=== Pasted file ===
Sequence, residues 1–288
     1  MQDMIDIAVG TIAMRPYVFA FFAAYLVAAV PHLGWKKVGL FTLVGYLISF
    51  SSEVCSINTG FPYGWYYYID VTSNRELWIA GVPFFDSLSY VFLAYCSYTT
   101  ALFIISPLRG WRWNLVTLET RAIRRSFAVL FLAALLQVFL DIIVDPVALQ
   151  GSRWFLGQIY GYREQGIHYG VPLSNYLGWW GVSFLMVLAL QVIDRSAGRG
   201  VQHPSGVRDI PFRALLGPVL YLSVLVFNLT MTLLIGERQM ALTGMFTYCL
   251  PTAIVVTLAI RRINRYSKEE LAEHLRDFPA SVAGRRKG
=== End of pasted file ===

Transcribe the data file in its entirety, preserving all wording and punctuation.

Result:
Sequence, residues 1–288
     1  MQDMIDIAVG TIAMRPYVFA FFAAYLVAAV PHLGWKKVGL FTLVGYLISF
    51  SSEVCSINTG FPYGWYYYID VTSNRELWIA GVPFFDSLSY VFLAYCSYTT
   101  ALFIISPLRG WRWNLVTLET RAIRRSFAVL FLAALLQVFL DIIVDPVALQ
   151  GSRWFLGQIY GYREQGIHYG VPLSNYLGWW GVSFLMVLAL QVIDRSAGRG
   201  VQHPSGVRDI PFRALLGPVL YLSVLVFNLT MTLLIGERQM ALTGMFTYCL
   251  PTAIVVTLAI RRINRYSKEE LAEHLRDFPA SVAGRRKG